Thursday, January 8, 2015

Falling in and out of art

I used to pride myself on my creativity. When I was younger, I was drawing constantly, taking art classes, hand-making all sorts of eclectic gifts, and doing crafts just because I wanted to. Lately, though, I haven't been doing much of that at all. The craftiest thing I've accomplished – or even attempted – in about a year was preparing several batches of artisanal soap at the end of December—and that was really only because I needed some Christmas gifts and wanted to scale down my massive collection of soap-making supplies since its only function over the last two years has been to take up a lot of space. Thinking on this uninspired existence of mine, I started feeling a little down—worrying that I had simply lost my creative touch.

But after Christmas, I suddenly had the muse fall upon me. Random moments were punctuated by bursts of weird creativity.

"If I was an artist," I told my boyfriend while we were driving, "I'd create a giant wire sculpture of a tree, and put it on top of a car, with the roots draping down over the sides and growing into the windows." "If I was an artist, I'd make tiny little scenes of fairies all over these rocks and take pictures of them!" "If I was an artist, I would crochet a cap for that round river stone and make it into an acorn."

Aside from my repetitive use of the same opener, "If I was an artist," it was clear that I hadn't lost my creative touch. I was on a roll, and I had to wonder, what made it happen? And in a similar vein, if I hadn't lost lost it, why had it temporarily disappeared?

It didn't take long for me to figure out the answer to both questions: Time!

Yes, that miraculous substance that rules our lives had asserted itself again. For the past few years, I've been working 8.5 hours a day and doing work-related prep and cleanup tasks for another hour at least, and by the end of all that, there's been little time or brainpower left for non-essential pursuits. But the entire week after Christmas, I'd basically just been home all day, free to do whatever I wanted, whenever I wanted. Without the enormous drain of working, I suddenly had the liberty to let my mind wander—and it was fun!

I've learned two valuable (and reassuring) lessons from this: 1) it's not that I've ever stopped being creative, it's just that I've been forced to let the mundane requirements of everyday life take precedence. 2) My fashion fixation is not a vice as I sometimes worry it is—it's merely a pragmatic outlet for the creative energy I still have. When you don't have the time (or the studio) to construct massive sculptures and spend hours photographing tableaus, you work art into your life however you can. For me, that's assembling thematic outfits, salvaging unwearable clothing, and occasionally embarking on an epic embellishment experiment. In this way, I get to see the fruits of my labor and display my creations in the environments where I actually spend my time.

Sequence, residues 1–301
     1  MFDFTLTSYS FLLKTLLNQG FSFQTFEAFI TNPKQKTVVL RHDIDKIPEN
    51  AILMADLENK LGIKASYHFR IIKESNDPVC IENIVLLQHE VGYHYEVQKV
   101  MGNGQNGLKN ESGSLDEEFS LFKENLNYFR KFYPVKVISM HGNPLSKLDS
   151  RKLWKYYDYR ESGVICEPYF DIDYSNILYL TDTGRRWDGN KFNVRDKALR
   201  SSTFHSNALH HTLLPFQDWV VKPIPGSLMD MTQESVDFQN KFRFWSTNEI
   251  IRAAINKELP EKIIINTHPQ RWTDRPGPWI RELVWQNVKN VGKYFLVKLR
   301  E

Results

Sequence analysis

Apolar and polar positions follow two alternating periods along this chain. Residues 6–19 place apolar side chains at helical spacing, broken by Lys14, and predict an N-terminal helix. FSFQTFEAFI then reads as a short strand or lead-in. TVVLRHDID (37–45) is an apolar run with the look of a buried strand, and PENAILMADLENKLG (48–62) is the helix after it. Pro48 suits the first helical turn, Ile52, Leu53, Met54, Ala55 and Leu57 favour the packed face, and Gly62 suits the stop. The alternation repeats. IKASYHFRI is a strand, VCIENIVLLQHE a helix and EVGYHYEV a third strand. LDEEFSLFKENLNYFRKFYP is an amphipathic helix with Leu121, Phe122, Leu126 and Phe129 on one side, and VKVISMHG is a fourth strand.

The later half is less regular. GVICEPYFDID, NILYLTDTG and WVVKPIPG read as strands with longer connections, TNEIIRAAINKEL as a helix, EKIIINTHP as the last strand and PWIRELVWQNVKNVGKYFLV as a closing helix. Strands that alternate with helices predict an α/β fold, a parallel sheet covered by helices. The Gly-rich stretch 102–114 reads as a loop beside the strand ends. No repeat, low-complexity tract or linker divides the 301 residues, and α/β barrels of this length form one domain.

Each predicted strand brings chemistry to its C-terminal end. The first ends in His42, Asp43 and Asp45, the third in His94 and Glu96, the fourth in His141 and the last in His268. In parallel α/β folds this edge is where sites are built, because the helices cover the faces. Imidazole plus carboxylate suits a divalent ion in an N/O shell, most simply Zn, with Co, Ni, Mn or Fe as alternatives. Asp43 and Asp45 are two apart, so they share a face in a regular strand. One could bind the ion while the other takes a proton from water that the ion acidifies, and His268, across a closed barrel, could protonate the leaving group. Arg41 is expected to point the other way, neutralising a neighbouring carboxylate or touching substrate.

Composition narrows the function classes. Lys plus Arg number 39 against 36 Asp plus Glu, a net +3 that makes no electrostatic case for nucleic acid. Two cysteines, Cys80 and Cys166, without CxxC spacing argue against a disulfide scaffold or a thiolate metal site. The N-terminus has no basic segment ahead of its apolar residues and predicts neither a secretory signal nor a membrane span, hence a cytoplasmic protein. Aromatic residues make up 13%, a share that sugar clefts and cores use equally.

So, I'm not going to feel guilty about ordering another eBay dress on the same day I receive a shipment of 5 pairs of shoes, just 3 days after buying not one but two sequined shirts along with a package of false eyelashes (which I recently claimed I would never even try)—that's just how I express myself!

I feel much better now, but I'm still wondering if other people out there are confusing a lack of time or a lack of energy for a lack of talent. We all have creative bones in our bodies, but I think many people's are burdened with the weight of too many responsibilities. Here is the moral of this story: Don't let burnout happen to you! Let your light shine, however dimly, and never doubt your own abilities. And just wait until'll be building trees on top of cars in no time!